Funeral tributes to 'Tin Can Man' John Leese who raised £360k for Douglas Macmillan Hospice
MOURNERS said a final farewell to a tireless fund-raiser who dedicated more than 20 years of his life to supporting a charity.
A guard of honour was formed outside St Mark's Church yesterday for the funeral of John Leese who was known as the 'Tin Can Man'.
And the memory of his long-standing campaign to raise cash for the Douglas Macmillan Hospice continued as a collection plate for the charity was placed inside the Shelton church.
Reverend Keith Haywood, who led the service, said: "He will be sorely missed by many but remembered warmly and affectionately by all."
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The 86-year-old, who died at the University Hospital of North Staffordshire (UHNS) on February 6 after contracting pneumonia, raised more than £360,000 for the Blurton-based hospice by heading out with a collection tin.
His efforts saw him made an MBE in 2006 before landing the Editor's Special Award at The Sentinel's Our Heroes evening a year later.
John began his marathon fund-raising drive in 1990 after his wife Olwen lost her battle with breast cancer and died at the hospice.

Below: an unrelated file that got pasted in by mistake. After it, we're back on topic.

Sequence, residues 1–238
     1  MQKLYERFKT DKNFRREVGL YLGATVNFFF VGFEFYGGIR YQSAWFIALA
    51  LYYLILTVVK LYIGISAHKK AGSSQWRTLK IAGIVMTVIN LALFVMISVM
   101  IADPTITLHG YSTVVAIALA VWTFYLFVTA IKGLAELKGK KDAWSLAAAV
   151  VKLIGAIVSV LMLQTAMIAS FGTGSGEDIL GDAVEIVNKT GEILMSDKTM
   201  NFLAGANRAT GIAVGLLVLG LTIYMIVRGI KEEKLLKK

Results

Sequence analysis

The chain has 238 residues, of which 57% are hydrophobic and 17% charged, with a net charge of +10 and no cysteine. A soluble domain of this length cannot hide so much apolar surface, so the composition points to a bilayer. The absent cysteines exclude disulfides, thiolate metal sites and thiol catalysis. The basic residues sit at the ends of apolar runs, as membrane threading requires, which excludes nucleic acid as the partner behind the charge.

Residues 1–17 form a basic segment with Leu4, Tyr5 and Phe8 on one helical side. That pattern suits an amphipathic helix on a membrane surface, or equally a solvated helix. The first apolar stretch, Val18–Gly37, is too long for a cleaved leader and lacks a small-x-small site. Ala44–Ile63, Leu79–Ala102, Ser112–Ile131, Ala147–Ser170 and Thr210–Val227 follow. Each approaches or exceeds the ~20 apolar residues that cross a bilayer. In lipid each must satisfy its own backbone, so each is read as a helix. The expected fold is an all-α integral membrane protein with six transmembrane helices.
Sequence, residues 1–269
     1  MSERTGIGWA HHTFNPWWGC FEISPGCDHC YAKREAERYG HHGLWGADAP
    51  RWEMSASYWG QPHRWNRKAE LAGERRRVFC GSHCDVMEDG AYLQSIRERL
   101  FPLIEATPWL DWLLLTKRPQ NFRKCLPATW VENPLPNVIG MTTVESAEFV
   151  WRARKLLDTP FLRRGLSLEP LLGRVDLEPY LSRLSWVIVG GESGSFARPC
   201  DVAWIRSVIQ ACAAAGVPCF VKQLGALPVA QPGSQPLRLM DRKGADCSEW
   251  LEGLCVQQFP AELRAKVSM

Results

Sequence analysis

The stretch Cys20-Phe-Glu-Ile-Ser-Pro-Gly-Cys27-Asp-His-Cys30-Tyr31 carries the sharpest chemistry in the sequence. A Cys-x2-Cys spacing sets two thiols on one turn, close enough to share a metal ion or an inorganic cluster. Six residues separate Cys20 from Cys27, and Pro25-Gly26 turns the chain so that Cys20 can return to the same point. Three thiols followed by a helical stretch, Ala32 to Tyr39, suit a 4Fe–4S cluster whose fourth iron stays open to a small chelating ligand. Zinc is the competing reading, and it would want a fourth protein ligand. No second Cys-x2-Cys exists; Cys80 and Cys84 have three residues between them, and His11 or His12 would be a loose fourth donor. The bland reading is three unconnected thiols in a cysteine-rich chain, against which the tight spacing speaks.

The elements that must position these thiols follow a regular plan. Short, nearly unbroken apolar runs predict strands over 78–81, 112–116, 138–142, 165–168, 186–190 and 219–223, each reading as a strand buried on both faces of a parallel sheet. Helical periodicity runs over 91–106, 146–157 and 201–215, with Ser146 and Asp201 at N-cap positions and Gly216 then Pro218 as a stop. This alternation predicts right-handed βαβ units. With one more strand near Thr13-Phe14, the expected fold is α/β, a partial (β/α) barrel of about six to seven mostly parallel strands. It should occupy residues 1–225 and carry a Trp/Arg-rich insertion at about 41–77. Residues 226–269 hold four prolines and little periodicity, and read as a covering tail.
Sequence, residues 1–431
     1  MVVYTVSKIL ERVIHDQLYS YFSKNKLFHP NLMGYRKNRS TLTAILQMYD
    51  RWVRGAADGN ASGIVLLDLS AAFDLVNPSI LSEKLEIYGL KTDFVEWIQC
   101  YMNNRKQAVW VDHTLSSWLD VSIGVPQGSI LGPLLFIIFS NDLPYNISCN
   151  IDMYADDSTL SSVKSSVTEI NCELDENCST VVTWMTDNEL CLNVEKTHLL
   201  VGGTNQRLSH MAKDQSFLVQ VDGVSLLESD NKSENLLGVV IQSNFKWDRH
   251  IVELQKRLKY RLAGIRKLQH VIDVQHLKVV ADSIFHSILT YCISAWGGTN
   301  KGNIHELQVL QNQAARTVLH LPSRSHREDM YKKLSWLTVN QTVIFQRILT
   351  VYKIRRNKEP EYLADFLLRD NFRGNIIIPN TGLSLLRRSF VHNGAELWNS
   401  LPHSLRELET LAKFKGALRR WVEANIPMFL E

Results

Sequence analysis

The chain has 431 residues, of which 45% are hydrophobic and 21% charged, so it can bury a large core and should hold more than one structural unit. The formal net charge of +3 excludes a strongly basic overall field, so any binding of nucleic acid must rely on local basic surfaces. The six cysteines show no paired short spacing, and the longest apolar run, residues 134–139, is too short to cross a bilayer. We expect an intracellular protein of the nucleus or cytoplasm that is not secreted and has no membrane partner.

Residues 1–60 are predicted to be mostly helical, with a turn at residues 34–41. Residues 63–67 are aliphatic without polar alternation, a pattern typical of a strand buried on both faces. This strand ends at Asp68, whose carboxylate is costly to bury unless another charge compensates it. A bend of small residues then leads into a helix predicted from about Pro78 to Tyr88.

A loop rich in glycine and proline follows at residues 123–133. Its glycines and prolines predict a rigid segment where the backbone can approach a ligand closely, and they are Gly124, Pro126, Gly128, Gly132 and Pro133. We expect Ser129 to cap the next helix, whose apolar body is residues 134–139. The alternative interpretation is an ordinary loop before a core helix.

The congregation heard that John had promised his wife he would support the hospice in the time leading up to her death.
Reverend Cecil Mann, former minister of Hamil Road Methodist Church, where the couple had worshipped, said: "It was a rare privilege to know a man like John Leese.
"When I came to Hamil Road in the 1980s I got to know John and Olwen and the whole church was saddened when she was diagnosed with cancer.
"She spent the last six weeks of her life at the Douglas Macmillan Hospice and after she died John came to me to talk about raising money.
"He said she had so many lovely clothes and asked if we could put on some kind of fashion sale with the proceeds going to the hospice. That raised £1,000 and from there he just kept fund-raising."
Before his death John had selected both of the hymns for his funeral – Love Divine, All Loves Excelling and The Day Thou Gavest Lord Is Ended.
As his coffin was led into the church – the same venue where John was baptised and later married – volunteers from the Red Cross formed a guard of honour.
During the service, Mr Haywood also revealed that John, who served in the RAF, had a real passion for ballroom dancing.
He said: "He met his wife in 1948 at the Majestic Ballroom in Hanley. Dancing was really part of his life and he went on to win many trophies with Olwen."
Friend Terry Bagguley, who runs Terry's Bar in Hanley Indoor Market, said: "It was an honour to have known John. We will remember him as someone you could always talk to."
Representatives from the Douglas Macmillan also read Linda Ellis's poem, The Dash, during the service.
Following the funeral a ceremony was held at Carmountside Crematorium.